From: Thomas Hockey et al. (eds.). The Biographical Encyclopedia of Astronomers, Springer Reference. New York: Springer, 2007, pp. 625-626

Courtesy of

Khalīlī: Shams al‐Dīn Abū ʿAbdallāh Muammad ibn Muammad al‐Khalīlī

David A. King

FlourishedDamascus, (Syria), circa 1365

Khalīlī was an astronomer associated with the Umayyad Mosque in the center of Damascus. A colleague of the astronomer Ibn al‐Shāir, he was also a muwaqqiti. e., an astronomer concerned with ʿilm al‐mīqāt, the science of timekeeping by the Sun and stars and regulating the astronomically defined times of Muslim prayer. Khalīlī's major work, which represents the culmination of the medieval Islamic achievement in the mathematical solution of the problems of spherical astronomy, was a set of tables for astronomical timekeeping. Some of these tables were used in Damascus until the 19th century, and they were also used in Cairo and Istanbul for several centuries. The main sets of tables survive in numerous manuscripts, but they were not investigated until the 1970s.

Khalīlī's tables can be categorized as follows:


tables for reckoning time by the Sun, for the latitude of Damascus;


tables for regulating the times of Muslim prayer, for the latitude of Damascus;


tables of auxiliary mathematical functions for timekeeping by the Sun for all latitudes;


tables of auxiliary functions for finding the solar azimuth from the solar altitude for any latitude;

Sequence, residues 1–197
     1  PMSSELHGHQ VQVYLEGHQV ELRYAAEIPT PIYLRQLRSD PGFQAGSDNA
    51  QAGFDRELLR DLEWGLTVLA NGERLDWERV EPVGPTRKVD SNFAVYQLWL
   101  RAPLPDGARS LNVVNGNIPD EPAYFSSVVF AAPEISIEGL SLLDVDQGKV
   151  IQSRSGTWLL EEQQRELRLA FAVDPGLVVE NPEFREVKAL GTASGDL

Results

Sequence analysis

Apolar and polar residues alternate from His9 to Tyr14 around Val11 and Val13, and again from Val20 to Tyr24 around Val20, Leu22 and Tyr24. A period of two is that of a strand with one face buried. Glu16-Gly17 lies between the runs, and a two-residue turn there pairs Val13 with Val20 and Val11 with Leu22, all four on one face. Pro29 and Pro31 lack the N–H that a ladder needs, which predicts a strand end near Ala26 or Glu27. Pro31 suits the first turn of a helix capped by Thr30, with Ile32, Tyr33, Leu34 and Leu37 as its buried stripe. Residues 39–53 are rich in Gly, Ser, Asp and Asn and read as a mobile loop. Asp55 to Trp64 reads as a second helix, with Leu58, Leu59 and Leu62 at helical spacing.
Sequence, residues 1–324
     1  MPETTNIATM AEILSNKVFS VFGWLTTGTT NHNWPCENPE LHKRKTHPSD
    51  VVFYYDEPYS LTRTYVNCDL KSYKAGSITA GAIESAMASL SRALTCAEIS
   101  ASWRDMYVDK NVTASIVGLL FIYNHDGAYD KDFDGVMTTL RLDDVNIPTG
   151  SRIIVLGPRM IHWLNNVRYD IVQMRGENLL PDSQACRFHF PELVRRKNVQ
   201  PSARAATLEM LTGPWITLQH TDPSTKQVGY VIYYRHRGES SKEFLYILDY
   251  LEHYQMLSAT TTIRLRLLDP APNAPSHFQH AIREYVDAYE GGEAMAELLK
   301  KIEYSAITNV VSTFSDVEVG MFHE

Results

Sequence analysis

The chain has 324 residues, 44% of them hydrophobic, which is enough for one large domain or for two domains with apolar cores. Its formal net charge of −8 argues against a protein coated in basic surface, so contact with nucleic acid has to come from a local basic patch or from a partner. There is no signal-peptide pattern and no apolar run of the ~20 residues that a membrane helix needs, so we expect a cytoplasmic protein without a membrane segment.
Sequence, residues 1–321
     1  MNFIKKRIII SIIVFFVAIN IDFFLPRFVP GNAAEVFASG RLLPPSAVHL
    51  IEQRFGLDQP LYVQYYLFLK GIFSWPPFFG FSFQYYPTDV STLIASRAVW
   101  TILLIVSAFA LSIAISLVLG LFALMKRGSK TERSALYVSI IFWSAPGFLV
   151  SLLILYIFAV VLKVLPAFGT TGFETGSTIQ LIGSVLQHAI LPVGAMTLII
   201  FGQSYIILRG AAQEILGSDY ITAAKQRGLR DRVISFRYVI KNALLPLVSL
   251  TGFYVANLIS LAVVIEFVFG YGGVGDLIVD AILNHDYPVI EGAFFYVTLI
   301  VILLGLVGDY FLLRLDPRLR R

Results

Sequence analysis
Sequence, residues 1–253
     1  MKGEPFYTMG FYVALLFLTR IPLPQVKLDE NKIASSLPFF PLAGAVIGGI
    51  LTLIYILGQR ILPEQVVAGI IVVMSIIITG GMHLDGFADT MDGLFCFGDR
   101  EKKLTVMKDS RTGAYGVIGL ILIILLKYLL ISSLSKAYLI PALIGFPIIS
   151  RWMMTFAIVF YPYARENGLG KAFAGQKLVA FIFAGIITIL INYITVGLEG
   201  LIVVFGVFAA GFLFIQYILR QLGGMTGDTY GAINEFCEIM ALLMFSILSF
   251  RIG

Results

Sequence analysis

tables of auxiliary functions for solving the problems of spherical astronomy for all latitudes;


a table displaying the qibla, i. e., the direction of Mecca, as a function of terrestrial latitude and longitude for each degree of both arguments; and


tables for converting lunar ecliptic coordinates to equatorial coordinates.

(Paris, Bibliothèque Nationale MS ar. 2558, copied in 1408, contains all of the tables in Khalīlī's major set [1, 2, 5 and 6]. Dublin, Chester Beatty MS 4091 and Bursa, Haraççioğlu MS 1177,4 are unique copies of the minor auxiliary tables [3] and [4], respectively.)

The first two sets of tables correspond to those in the large corpus of spherical astronomical tables computed for Cairo that are generally attributed to the 10th‐century Egyptian astronomer Ibn Yūnus.

Khalīlī's fifth set of tables was designed to solve all the standard problems of spherical astronomy, and they are particularly useful for those problems that, in modern terms, involve the use of the cosine rule for spherical triangles. Khalīlī tabulated three functions and gave detailed instructions for their application. The functions are the following:

fϕ = sin θ/ cos ϕ and gϕ = sin θ tan ϕ,

K(x,y) = arc cos {x/cos y},

computed for appropriate domains. The entries in these tables, which number over 13,000, were computed to two sexagesimal digits and are invariably accurate. An example of the use of these functions is the rule outlined by Khalīlī for finding the hour angle t for given solar or stellar altitude h, declination δ, and terrestrial latitude φ. This may be represented as:

t(h,δ,ϕ) = K {[ fϕ (h) – gϕ (δ)],δ},

and it is not difficult to show the equivalence of Khalīlī's rule to the modern formula